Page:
Masakazu Miyamoto writes:

According to the WHO, in 1993 globally about 51 million people of all age died, about three quarters of them adults. There are some kind of diseases that threaten the health of adults around the world. The primary threat is communicable diseases. Of the 20 million deaths due to communicable diseases more than 16 million are due to infectious and parasitic diseases. Among the major communicable diseases, tuberculosis was responsible for more than 5% of the global total of deaths. But drug treatments can cure people. In most cases it cost as little as US$ 13-30 per person for a six-month course. So we have to make an effort to provide the drugs to those who need them, and ensure that parents take them for the required period, people who die in tuberculosis will be decreased. On the other hand, malaria, directly or in association with acute respiratory infections and anemia, causes 400 million cases annually and around 2 million deaths a year.

The second threat is sexually transmitted diseases (STDs). HIV and AIDS continue to spread relentlessly. Some 6000 people are becoming infected each day. And tuberculosis with HIV is making the death toll many times worse. However, many, if not all, STDs could be avoided if we can use condoms. And most STDs can be treated effectively and cheaply. Even though patients don't receive the care because of the fear of stigma on the part of patients and the attitude of some service providers. Therefore we have to educate to use condoms and receive the care. And doctors have to think about patients' feelings. The third threat is non-communicable diseases. Diseases of the circulatory system account for 10 million deaths globally, with more than 5 million due to heart disease and another 4 million due to cerebrovascular conditions. The number of sufferers in the world from chronic obstructive pulmonary diseases is put at 600 million. This is the second largest known category of persons with a single disorder recorded by WHO. Diabetes mellitus is growing public health problems in both developed and developing countries, too. We have no effective treatment to these non-communicable diseases now. Therefore we have to study these diseases to find out treatments. Now we can only teach people in the developing world. For example, taking less salt reduces the risk for high blood pressure, or being a non-smoker can help prevent many types of cancer. So we can teach people in the developing world how to take balanced diet, how to avoid daily risks such as cigarettes or pesticides.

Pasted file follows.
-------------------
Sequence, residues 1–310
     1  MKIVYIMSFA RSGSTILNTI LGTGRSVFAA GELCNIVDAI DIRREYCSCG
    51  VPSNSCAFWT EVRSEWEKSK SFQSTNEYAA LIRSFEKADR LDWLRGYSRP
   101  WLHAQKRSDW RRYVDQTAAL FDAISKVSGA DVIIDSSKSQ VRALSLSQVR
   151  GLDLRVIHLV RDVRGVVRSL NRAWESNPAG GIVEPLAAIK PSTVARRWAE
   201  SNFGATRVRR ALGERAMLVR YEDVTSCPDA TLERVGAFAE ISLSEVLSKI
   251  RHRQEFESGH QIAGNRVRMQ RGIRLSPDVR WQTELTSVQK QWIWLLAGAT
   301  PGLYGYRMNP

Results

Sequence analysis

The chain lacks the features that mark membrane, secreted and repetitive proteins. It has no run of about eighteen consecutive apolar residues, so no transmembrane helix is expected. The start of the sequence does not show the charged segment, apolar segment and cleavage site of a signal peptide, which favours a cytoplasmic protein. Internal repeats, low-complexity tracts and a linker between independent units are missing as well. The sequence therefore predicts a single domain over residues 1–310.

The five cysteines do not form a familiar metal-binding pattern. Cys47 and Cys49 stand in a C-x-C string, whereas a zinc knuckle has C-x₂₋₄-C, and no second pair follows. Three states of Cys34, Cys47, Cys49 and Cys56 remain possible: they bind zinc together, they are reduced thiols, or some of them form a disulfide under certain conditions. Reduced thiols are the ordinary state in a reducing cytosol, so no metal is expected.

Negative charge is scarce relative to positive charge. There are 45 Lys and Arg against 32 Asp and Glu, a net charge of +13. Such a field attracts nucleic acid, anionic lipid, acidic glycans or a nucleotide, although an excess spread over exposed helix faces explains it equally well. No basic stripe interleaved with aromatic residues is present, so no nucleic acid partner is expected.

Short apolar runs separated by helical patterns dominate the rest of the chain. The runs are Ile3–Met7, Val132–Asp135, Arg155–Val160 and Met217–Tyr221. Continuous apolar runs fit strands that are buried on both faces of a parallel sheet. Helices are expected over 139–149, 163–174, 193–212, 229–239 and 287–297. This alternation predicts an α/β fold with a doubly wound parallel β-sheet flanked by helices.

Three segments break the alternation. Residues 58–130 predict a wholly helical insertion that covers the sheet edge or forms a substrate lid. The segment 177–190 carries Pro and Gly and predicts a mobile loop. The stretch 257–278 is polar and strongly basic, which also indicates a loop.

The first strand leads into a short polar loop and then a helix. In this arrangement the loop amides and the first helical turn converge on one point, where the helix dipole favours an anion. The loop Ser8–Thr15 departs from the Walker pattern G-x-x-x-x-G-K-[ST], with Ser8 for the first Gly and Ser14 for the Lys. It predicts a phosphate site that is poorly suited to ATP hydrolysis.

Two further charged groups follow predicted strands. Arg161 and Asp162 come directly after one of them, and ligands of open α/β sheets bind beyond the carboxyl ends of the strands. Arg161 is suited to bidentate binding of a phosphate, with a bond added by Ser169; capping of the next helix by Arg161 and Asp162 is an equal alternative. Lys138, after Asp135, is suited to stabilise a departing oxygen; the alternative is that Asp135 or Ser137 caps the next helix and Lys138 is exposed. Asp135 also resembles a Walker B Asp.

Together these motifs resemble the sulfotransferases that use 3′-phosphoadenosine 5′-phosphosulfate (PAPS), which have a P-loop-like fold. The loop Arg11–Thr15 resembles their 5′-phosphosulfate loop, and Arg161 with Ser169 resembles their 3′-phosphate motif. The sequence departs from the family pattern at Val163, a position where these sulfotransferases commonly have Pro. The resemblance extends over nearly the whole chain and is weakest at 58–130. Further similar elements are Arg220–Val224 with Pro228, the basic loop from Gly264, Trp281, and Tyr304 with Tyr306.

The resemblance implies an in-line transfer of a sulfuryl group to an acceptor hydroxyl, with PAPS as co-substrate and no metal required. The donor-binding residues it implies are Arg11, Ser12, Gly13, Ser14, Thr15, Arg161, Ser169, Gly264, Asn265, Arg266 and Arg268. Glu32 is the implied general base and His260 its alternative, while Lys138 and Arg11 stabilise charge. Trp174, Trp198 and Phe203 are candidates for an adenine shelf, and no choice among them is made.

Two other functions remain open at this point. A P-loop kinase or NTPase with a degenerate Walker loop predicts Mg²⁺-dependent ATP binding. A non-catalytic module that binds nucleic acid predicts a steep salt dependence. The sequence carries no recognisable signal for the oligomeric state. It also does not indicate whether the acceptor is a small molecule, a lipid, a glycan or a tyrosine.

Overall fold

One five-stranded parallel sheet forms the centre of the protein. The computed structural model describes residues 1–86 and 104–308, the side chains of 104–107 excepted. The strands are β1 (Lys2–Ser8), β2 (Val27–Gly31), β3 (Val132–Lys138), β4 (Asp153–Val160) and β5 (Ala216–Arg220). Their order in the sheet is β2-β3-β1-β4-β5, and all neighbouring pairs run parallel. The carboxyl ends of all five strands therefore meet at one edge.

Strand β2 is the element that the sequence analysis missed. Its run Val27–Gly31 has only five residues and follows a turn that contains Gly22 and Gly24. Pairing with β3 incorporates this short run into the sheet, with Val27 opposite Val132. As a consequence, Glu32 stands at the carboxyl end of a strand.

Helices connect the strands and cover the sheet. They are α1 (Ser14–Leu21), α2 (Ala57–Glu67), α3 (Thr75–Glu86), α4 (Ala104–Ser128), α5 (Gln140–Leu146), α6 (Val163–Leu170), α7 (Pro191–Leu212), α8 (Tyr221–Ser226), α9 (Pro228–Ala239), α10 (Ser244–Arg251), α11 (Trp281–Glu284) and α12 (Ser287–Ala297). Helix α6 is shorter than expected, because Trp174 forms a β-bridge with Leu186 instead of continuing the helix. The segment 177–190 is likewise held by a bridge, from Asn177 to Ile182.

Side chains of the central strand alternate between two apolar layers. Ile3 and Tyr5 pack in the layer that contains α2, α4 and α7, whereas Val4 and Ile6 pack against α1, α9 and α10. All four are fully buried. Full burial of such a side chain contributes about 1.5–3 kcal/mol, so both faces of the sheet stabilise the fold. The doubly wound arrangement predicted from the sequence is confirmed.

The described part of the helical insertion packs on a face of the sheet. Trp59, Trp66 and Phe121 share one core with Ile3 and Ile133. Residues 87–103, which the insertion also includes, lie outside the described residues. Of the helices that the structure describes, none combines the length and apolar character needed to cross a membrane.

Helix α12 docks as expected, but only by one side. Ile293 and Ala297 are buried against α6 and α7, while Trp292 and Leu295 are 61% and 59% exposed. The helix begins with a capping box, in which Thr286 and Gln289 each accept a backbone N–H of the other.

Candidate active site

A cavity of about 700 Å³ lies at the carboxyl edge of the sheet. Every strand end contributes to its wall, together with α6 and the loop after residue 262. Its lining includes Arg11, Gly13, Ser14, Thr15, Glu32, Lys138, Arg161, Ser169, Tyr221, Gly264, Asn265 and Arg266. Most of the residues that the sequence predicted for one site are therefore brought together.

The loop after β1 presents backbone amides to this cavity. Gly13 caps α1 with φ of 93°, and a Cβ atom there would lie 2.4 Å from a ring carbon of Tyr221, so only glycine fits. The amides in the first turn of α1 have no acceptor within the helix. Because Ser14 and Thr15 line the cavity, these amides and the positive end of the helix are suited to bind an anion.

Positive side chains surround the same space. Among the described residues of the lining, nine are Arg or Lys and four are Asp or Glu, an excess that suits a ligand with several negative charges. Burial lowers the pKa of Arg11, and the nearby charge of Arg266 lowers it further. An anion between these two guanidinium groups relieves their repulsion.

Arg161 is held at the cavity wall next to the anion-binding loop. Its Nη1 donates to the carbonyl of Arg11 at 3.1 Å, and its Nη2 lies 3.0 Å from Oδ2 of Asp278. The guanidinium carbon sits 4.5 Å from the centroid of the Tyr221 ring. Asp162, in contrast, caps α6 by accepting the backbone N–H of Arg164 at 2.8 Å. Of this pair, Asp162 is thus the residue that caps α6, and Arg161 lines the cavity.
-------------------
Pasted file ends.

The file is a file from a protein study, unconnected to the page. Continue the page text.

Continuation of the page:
Then, what else can Japanese medical community do? Poor countries had three times more deaths from communicable diseases than rich countries. To improve this condition we have to contribute to the developing countries in many ways. We can study many kinds of diseases to find out new effective treatments and new medicines. Even we are in Japan. And another way is to contribute directly. For example, medical experts, especially doctors, can go to places where disasters happened or where civil wars take place, and help these refugees, with treatment of wounds or prevent diseases, cure infectious diseases, if they occur. Furthermore, when medical professionals go to the developing world under normal safe occasions, they can teach medical techniques to the doctors there, and also care for patients. These are very important roles for us.

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